With work no longer confined to a desk in the office, flexible working patterns have seen a surge in the last couple of years, with a huge 73% of people now working either part-time or with some form of flexible working arrangement. The benefits of being able to fit our work seamlessly around our personal lives are widely acknowledged, and flexible working patterns are in higher demand from employees than ever before. In fact, a huge 54% of people said they would move to a different company if it gave them greater flexibility.
A lot of this demand does stem from the need for a better work-life balance. It’s therefore vital to take steps to acknowledge the effects of unhealthy working patterns within your workplace. If your company culture runs off the energy where overworking is deemed the ‘norm’, employees are likely to feel pressured into overworking in order to prove their worth.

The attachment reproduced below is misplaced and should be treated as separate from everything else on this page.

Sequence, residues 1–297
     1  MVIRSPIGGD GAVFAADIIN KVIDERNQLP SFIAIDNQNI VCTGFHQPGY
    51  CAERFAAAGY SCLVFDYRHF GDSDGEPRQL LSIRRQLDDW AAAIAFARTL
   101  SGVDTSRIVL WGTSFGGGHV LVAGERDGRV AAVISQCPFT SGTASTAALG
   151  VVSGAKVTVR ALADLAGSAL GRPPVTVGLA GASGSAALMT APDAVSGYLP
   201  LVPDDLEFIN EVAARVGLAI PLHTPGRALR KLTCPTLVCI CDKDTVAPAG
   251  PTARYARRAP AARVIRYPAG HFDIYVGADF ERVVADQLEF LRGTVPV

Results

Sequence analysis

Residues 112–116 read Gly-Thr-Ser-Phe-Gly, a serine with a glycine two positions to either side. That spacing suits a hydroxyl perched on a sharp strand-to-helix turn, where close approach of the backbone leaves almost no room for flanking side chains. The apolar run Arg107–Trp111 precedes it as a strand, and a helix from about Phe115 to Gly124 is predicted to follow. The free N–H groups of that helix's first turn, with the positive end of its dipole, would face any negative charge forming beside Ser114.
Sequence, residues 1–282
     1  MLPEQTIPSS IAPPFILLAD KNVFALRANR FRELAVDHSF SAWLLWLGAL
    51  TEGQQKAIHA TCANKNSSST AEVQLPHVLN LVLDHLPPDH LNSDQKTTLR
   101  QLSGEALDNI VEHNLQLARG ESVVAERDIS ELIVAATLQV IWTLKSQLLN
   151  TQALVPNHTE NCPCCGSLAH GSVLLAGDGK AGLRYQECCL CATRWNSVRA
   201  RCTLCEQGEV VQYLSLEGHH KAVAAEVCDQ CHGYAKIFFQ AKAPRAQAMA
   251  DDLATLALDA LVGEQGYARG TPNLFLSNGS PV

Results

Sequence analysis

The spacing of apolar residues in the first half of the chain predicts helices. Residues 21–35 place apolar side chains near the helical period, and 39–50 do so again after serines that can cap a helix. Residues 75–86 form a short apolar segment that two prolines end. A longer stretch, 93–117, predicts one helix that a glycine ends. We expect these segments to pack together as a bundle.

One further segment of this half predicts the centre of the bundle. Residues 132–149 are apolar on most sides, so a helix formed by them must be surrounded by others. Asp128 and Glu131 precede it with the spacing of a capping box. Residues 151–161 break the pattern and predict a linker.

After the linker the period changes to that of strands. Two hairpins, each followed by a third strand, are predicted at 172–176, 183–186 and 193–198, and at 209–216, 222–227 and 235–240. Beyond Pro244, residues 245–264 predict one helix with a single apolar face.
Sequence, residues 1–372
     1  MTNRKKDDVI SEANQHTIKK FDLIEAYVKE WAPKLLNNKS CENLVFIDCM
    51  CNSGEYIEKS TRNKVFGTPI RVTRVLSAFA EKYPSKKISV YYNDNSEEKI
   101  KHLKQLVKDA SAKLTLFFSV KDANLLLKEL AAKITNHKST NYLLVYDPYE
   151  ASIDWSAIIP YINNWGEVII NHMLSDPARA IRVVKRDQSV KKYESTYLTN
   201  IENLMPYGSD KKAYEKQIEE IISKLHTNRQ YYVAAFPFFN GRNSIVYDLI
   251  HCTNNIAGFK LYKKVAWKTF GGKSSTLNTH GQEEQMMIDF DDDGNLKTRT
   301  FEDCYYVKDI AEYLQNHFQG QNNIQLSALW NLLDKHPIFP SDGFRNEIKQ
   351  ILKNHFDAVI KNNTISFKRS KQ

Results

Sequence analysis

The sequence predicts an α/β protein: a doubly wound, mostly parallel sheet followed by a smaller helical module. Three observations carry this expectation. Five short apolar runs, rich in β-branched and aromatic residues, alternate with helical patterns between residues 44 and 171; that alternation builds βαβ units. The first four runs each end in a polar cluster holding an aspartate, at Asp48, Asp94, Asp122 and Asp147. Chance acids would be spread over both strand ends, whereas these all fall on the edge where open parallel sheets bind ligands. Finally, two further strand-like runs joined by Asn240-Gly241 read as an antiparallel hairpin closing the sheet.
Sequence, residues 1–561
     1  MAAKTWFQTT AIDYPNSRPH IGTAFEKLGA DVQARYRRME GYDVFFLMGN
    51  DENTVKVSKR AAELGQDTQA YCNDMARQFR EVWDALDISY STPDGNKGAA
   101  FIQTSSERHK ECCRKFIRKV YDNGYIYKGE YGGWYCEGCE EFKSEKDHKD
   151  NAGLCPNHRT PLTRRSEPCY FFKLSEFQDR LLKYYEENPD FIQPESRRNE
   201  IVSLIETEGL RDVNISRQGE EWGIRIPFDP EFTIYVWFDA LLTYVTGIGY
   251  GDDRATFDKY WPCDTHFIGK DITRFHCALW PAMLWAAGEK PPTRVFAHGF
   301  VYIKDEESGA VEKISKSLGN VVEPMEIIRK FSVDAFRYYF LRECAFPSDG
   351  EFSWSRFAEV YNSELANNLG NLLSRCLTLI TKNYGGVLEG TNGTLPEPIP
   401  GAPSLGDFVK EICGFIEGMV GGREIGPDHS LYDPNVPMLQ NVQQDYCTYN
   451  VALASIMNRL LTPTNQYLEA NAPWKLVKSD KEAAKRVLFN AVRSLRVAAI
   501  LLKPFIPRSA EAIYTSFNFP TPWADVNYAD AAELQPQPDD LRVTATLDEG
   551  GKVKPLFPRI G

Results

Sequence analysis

Rather than having burnt-out employees, flexible working actually gives people the opportunity to perform better than if they were restricted to their office permanently. For example, if someone needs to attend an important personal appointment, flexible working gives them the opportunity to work from home before their appointment. This actually improves productivity as the time they would have spent travelling back into the office can now be spent working remotely. Introducing flexible working options does require trust in your employees. However, showing your team that you value their work-life balance and trust them will result in employees who feel valued, and thus more willing to go the extra mile.
Flexible working can be introduced in many different forms, whether this is daily flexible working hours or even remote working. Take the time to understand how flexible working can fit within your organization, so both you and your team can reap the benefits that this flexibility can offer.